The Episcopal Church, a trustee of the land, is now suing the non-denominational church alleging that the parishioners are illegally occupying the space.
The Episcopal Diocese of Long Island believes it is the rightful owner of the property.
"This is where our and they built this church with their own hands and we're just fighting for the legacy of our forefathers," pastor Lawton Bryant said.
In the early 1900s, the land was given to the congregation comprised of native Americans and African-Americans.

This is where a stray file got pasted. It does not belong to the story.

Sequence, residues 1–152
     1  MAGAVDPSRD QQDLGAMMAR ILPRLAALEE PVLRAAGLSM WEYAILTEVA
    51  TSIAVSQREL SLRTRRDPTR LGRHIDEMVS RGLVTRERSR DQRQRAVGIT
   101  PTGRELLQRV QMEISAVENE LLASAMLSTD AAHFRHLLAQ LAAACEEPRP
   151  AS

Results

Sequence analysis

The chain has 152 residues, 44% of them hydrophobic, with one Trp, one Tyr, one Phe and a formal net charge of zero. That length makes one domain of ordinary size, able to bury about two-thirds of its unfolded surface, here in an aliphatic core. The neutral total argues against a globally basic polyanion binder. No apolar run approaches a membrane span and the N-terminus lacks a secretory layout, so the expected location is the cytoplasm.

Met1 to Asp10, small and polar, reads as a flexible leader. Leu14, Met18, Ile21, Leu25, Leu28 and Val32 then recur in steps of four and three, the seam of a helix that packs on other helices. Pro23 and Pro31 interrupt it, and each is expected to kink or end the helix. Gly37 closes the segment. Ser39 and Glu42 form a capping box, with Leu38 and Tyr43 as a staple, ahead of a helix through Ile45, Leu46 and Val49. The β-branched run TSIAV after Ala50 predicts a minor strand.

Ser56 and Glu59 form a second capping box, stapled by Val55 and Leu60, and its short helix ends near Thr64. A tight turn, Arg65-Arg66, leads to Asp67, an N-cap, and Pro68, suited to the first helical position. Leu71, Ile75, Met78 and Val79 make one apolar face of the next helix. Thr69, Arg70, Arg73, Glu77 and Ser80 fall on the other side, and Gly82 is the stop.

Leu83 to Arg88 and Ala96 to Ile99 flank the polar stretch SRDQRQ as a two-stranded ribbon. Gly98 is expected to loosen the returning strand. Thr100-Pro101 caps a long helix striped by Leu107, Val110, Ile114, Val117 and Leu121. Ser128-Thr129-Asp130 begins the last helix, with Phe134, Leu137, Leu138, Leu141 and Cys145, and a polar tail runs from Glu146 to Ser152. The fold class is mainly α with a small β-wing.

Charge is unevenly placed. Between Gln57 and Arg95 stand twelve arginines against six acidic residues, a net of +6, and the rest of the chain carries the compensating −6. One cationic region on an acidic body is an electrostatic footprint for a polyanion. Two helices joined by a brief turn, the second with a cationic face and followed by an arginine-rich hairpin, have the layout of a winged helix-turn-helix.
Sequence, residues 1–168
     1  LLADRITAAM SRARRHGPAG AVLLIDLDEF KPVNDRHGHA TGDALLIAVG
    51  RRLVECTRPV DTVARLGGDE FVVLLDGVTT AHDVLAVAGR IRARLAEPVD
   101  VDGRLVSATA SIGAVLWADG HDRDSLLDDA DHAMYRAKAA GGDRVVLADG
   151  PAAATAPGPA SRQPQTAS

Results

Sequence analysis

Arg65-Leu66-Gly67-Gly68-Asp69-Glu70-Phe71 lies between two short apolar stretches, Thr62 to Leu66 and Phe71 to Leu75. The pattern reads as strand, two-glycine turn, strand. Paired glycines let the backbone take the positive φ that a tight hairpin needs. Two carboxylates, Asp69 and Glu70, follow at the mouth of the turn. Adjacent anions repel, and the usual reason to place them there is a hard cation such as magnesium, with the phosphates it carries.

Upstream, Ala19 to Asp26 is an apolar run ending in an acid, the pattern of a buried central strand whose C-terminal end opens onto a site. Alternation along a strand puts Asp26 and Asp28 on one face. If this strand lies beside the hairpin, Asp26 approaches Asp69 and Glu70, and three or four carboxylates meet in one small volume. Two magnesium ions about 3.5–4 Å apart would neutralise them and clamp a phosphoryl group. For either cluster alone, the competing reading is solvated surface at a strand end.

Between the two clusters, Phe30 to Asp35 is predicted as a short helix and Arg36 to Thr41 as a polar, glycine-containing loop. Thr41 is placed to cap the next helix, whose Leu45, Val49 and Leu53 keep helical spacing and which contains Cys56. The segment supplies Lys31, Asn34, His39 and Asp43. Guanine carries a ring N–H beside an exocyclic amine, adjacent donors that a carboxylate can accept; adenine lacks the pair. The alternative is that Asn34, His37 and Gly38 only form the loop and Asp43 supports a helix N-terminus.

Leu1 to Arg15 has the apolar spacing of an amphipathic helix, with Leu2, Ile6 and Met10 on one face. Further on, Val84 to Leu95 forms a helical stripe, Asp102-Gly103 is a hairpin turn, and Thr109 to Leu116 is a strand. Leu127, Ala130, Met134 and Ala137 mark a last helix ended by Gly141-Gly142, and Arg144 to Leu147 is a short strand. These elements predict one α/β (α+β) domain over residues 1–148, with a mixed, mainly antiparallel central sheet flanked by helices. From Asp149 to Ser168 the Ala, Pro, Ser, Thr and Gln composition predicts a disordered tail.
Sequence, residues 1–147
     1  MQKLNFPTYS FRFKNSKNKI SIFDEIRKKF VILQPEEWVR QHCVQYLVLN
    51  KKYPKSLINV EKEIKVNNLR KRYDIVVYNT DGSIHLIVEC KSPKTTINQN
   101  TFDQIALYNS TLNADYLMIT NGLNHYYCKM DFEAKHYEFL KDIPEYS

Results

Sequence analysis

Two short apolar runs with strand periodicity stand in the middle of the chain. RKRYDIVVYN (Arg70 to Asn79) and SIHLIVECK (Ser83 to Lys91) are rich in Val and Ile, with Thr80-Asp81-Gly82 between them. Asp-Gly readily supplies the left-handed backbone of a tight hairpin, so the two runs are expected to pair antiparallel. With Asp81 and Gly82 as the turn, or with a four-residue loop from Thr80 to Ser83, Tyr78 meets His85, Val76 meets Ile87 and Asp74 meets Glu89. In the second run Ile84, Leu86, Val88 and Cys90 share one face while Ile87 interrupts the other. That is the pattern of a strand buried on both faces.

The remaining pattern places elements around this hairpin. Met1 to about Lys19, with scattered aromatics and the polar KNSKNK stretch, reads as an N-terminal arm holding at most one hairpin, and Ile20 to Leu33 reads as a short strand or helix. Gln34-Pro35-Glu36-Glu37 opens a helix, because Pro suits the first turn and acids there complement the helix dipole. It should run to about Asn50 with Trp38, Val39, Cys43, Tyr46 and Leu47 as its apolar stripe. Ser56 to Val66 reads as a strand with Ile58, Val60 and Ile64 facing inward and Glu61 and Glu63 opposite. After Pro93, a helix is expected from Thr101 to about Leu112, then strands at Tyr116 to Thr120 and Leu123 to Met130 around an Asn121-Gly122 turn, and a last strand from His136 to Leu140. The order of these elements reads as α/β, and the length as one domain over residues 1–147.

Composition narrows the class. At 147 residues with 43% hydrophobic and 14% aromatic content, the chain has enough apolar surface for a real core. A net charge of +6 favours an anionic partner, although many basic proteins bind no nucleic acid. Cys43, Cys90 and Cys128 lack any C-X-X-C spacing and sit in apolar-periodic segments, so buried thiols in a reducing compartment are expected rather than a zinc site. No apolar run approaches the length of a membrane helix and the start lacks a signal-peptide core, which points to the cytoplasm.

The Episcopal church was named a trustee because outright land ownership by those two groups was forbidden.
"This deed is in trust, meaning you're not an owner. You're merely a trustee," attorney Larry McCord said.
"I think it would be a sad day to Wantagh to take the last historical site where it was Native Americans and African-Americans and now wipe that out too," Bryant said.
A spokesman for the Episcopal diocese of Long Island wouldn't say what the diocese wants to do with the land only saying in a statement
The diocese intends to reinvest any proceeds it might realize as a consequence to support ongoing ministry of the episcopal church in the North Bellmore area.
"We don't want to fight but if you push us we will," Bryant said.